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‘He’s a great, great man’

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POSTED October 18, 2013 10:03 p.m.

Gene Peterson remembers what it was like to have Paul Wiggin as a blocker.

He would take the handoff and look forward and there would be an inordinate amount of space for him to run – cutting between the tackles getting all of the glory as he carried the ball for Manteca High School in the early 1950s.

He knew that Wiggin was something special when it came to his playing ability.

He just didn’t know that he would go on to Stanford and eventually a 10-year career in the National Football League – giving Peterson and the rest of Wiggin’s Buffalo teammates somebody to follow in the newspapers come Monday morning.

“We were buddies – pals. And he opened up all of the holes and I could just run right through there. He definitely made me look good,” Peterson said. “He had a great career, and it was better knowing he was from right here.”

Wiggin, a Lathrop native, played his high school football at Manteca before going off to Stanford and eventually the Cleveland Browns. In more than 10 seasons wearing an NFL uniform he never missed a game, and returned would eventually return to football as a coach – heading the Stanford University program in the early 1980s and spending a two seasons at the helm of the Kansas City Chiefs.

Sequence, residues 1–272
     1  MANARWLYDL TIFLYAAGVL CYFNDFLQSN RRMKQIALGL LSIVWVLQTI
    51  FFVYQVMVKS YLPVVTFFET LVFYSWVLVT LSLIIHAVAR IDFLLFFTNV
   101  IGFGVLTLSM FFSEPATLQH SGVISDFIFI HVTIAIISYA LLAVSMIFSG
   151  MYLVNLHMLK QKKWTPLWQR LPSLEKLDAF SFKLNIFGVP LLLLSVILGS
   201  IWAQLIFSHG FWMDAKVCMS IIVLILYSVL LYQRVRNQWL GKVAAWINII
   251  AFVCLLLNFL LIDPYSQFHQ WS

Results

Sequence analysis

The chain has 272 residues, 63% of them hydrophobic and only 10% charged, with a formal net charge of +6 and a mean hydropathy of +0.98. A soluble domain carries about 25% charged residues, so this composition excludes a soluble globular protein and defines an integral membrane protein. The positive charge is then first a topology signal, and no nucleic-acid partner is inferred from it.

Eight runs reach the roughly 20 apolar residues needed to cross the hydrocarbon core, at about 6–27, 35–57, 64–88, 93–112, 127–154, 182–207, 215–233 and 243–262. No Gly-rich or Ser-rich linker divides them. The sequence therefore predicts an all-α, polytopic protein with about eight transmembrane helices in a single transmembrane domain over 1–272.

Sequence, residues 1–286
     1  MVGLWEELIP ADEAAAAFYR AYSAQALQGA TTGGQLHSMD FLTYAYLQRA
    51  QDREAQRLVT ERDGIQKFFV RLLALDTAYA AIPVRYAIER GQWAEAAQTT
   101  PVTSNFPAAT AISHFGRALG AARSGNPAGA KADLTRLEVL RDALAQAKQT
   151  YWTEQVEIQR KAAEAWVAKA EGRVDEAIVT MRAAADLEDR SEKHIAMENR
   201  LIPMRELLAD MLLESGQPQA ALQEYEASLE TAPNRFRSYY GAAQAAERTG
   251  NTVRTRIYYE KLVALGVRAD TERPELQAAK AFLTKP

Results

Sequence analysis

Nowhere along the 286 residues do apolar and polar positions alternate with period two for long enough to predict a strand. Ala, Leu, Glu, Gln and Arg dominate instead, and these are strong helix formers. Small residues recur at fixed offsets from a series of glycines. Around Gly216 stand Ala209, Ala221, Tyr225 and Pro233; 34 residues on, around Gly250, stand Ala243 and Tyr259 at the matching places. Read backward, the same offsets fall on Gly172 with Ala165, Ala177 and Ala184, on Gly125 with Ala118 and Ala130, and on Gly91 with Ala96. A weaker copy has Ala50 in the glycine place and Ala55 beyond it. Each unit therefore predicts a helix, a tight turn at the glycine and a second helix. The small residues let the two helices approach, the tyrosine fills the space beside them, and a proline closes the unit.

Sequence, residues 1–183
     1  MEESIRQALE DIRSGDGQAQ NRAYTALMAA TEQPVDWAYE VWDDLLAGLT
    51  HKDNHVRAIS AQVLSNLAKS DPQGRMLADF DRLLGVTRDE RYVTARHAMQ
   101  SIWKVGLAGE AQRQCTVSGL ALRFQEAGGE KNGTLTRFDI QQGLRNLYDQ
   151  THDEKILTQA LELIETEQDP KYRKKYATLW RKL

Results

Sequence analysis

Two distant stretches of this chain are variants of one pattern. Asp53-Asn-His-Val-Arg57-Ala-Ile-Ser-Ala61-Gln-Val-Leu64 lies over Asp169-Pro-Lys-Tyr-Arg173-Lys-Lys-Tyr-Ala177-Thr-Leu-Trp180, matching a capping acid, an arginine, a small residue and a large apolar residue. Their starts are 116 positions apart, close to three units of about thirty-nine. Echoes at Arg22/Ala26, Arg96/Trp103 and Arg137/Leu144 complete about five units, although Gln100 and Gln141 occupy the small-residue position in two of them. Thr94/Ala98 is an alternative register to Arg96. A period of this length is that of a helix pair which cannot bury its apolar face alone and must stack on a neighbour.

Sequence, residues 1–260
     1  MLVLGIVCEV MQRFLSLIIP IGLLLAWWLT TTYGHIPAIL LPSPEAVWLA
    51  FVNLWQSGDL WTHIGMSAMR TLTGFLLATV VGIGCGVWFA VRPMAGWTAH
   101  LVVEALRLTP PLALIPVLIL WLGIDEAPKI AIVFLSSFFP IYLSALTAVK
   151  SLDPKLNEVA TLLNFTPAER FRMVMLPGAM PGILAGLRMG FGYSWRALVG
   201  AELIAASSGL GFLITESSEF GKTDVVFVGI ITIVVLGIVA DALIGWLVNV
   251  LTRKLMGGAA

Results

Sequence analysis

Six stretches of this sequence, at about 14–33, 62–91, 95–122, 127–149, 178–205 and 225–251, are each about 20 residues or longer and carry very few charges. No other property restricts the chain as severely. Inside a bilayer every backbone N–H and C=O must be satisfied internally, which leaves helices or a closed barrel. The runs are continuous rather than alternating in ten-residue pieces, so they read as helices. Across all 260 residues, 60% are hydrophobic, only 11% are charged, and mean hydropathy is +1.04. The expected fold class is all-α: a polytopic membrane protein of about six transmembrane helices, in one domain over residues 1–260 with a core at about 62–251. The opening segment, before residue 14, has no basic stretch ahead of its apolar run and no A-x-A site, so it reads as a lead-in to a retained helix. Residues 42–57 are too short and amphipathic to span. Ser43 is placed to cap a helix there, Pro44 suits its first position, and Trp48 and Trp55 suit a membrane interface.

Former classmate Arnita Montiel championed the cause to get the stadium named after Wiggin – more than half-a-century after the community that they grew up in finally landed its own high school. She successfully lobbied the school board for the honor. He flew in from Minneapolis– where he works in a personnel capacity with the Minnesota Vikings – to be at Friday’s ceremony.

“He was younger than me, but he was the biggest kid that was out there,” said William Myatt, who grew up near Wiggin in Lathrop. “You knew that he was a gifted football player. And he went on to prove it.”

Former Manteca High School Principal Steve Winter championed the stadium dedication when he learned about Montiel’s efforts. He recalled how watching him practice when he came back to town was an event, and how his making it to the next level meant so much to so many local kids at the time.

“They talk about the professional athlete today as a role model, but I see Paul as a role model. I think that kids should be able to look at his name on that stadium and want to emulate him and do what he did – he would be a great person to aspire to become,” Winter said when learning of the stadium naming effort. “My hope is that in 20 or 30 years when somebody asks who Paul Wiggin is that they’ll learn he’s somebody from that community that achieved goals that some people thought were unreachable.

“That it was done. He’s a great, great man.”

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